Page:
Harry Halpin (a researcher and CEO of privacy startup Nym Technologies) wrote a critical article about the standards used by prominent so-called immunity passports. Besides a technical critique of the standards, he also makes some important remarks about the risks related to the obduracy of the technologies:

The question should not be whether or not immunity passports can be technically secure and private, but whether or not they should be built at all. Due to the state of emergency caused by COVID-19, fundamental rights – such as the freedom of movement – could be taken away based on data connected to persistent digital identity. Yet temporary measures meant for a purpose as seemingly harmless as reviving tourism could become normalized as the blockchain-based identity databases are by design permanent and are difficult to disassemble once the crisis has past. Blockchain technology could just as easily allow automated discrimination based on personal data as it could enable travel during COVID-19, and form the technical basis for a ‘social credit’ system that crosses borders.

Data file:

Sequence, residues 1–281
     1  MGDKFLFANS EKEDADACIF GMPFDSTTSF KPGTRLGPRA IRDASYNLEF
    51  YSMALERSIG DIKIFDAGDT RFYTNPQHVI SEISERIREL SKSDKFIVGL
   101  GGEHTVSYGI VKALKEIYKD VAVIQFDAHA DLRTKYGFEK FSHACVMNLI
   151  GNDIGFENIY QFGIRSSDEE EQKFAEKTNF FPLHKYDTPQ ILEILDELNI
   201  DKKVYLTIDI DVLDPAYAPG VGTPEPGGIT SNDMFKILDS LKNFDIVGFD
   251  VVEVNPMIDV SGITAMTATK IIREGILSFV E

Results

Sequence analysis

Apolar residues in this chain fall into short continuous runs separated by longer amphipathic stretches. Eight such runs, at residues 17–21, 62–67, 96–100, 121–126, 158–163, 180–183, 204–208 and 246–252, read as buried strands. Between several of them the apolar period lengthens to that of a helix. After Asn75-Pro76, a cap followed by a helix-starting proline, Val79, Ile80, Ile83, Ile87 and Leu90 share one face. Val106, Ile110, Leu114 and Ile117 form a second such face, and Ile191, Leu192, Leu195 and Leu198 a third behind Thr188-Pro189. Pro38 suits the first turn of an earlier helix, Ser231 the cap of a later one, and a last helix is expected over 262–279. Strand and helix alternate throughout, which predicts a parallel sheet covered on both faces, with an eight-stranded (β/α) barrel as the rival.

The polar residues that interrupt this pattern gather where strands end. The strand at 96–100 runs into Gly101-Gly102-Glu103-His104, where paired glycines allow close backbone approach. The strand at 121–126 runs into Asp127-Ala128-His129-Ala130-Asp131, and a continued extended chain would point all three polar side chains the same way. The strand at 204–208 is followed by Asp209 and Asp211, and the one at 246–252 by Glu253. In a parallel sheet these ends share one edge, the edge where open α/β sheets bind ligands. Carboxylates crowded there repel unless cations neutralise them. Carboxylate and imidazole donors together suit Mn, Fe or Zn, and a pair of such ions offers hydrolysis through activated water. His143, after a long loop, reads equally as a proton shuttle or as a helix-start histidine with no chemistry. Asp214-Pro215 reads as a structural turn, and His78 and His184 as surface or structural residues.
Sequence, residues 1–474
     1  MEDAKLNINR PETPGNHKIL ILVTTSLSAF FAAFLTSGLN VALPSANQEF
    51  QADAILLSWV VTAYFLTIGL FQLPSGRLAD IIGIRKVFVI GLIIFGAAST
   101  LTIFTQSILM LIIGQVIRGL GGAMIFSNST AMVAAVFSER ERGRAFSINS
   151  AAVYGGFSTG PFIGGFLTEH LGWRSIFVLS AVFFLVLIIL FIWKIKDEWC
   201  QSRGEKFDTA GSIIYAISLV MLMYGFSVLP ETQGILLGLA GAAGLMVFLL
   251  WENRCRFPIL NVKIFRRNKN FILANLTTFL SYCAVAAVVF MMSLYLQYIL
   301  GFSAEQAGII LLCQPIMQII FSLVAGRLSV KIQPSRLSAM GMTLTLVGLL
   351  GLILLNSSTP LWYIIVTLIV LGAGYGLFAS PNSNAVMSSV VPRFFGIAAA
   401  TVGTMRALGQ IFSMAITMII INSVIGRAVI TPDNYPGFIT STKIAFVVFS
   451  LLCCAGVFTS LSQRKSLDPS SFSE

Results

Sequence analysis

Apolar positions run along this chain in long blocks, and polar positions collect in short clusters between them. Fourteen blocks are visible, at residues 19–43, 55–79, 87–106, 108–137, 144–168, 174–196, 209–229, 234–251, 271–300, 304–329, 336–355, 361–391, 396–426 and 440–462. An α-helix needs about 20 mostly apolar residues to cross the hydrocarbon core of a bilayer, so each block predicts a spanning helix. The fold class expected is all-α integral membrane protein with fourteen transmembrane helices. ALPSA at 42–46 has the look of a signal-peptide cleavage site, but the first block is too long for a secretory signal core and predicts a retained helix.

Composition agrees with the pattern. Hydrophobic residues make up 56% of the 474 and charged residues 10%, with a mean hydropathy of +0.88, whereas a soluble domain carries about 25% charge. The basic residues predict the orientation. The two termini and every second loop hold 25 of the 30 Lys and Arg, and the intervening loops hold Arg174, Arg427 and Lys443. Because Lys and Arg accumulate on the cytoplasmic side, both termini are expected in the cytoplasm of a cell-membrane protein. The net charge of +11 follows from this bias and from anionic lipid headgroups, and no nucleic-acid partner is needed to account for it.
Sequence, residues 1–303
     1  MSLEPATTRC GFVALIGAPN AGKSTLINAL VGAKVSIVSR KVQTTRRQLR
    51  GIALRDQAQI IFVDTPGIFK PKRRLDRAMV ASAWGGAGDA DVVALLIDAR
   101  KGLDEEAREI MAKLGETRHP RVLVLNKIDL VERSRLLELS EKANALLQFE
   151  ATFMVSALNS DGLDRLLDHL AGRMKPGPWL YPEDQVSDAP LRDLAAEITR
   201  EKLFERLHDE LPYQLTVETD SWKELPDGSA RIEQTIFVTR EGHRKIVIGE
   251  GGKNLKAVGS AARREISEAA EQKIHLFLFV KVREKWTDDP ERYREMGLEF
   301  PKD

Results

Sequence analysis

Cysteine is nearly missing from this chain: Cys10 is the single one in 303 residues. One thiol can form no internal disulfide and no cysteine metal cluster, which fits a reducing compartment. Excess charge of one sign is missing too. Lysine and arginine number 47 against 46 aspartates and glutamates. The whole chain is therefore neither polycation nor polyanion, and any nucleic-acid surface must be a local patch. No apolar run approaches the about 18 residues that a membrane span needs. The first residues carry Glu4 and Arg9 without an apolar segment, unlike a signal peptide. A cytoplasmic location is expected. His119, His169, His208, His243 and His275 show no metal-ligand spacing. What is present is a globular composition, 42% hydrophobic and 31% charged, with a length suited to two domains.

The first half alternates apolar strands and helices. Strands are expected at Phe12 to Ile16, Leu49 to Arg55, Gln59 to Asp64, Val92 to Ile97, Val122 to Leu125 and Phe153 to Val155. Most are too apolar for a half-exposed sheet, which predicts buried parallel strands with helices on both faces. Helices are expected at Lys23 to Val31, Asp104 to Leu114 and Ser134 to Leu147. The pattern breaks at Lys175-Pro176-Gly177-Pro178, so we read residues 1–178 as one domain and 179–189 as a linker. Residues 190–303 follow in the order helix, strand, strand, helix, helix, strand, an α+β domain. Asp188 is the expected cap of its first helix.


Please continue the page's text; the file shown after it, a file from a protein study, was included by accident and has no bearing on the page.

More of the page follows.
The full, non peer-reviewed article can be found at arXiv.